There were two developments yesterday in connection with Qualcomm's antitrust issues.
First, the EU General Court (which used to be call the European Court of First Instance) handed down a judgment that upholds the entirety of the European Commission's March 31, 2017 decision that Qualcomm would incur a daily fine of 580,000 euros for non-compliance with two information requests after specified dates (May 12, 2017 for one of them, and May 26, 2017 for the other). The EU General Court already denied in July 2017 a Qualcomm motion to stay the order, as I mentioned in this post. Apparently Qualcomm then had to comply (though it still appealed the decision), and the investigation of Qualcomm's exclusivity arrangements and predatory pricing further to a complaint by Icera, a once-European semiconductor company acquired by Nvidia (and shut down later).
At first sight one may wonder why Qualcomm would be accused of overcharging in one context and of predatory pricing in another, but the two theories can be reconciled: Qualcomm's supra-FRAND royalties enable the company to impose a tax on everyone and to sell chipsets, especially in the low-end segment, at a lower cost than Qualcomm could if it contented itself with FRAND royalties. It's one of the ways Qualcomm benefits from a business model that flies in the face of all we know about the concept of patent exhaustion.
Second, we're five days away from the start of the Apple & Contract Manufacturers v. Qualcomm antitrust and (secondarily) contract dispute in the Southern District of California. Judge Gonzalo P. Curiel (whom Judge James L. Robart, known for two groundbreaking SEP-related rulings, holds in the highest regard), has entered a final pretrial conference order (this post continues below the 262-page document):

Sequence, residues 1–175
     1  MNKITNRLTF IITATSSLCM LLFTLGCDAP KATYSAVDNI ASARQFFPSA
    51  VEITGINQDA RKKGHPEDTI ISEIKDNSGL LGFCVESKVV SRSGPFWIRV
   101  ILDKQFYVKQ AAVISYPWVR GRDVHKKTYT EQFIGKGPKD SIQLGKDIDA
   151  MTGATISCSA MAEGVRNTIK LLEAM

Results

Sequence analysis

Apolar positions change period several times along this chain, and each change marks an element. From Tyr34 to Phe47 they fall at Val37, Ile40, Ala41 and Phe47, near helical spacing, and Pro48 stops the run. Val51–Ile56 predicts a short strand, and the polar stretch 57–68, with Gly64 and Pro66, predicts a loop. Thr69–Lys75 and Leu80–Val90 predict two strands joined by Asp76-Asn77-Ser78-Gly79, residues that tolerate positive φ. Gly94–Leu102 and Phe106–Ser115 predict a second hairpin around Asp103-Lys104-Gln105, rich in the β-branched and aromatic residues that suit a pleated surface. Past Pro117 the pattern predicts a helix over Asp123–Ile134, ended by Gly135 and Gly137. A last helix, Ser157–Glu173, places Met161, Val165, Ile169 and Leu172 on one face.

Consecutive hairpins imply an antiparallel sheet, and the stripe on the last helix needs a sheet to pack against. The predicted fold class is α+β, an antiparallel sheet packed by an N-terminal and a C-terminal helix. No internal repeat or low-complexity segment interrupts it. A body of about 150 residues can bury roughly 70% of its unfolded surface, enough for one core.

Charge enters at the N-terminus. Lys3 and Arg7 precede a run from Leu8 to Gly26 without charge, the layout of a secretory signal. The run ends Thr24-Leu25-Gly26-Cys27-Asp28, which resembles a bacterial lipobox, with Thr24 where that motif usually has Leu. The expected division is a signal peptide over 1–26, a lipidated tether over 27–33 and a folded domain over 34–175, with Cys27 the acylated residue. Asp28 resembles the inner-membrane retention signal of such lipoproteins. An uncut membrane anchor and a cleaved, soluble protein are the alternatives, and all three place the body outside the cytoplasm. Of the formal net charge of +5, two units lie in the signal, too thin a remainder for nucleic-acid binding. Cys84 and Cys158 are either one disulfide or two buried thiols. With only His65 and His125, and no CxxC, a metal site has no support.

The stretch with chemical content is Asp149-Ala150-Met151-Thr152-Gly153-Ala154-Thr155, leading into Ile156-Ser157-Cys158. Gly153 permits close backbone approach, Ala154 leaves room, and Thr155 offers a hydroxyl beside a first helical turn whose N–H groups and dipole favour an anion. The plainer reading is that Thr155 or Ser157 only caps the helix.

19-04-09 Final Apple Foxcon... by on Scribd
This is a long document and I've mostly published it here as reference material for the upcoming trial. I haven't fully digested it yet, but it reflects the judge's prior categorization of the case as primarily an antitrust/FRAND and only secondarily a contract dispute.
The way the defenses to the parties' different claims are presented is consistent with what Apple had proposed: to list the defenses after each claim. Qualcomm had argued it would have been more efficient to discuss the defenses just once (and then apply them to multiple claims).
What both parties appear to be fine with is that the judge will interpret some disputed contract terms after the presentation of evidence, but before jury deliberations.
Don't be puzzled by the official date of the order. It came down on April 9, but with retroactive (ex tunc) effect.
There's probably something more in that long document that's worth talking about, and I'll take a closer look between now and the start of the trial on Monday.
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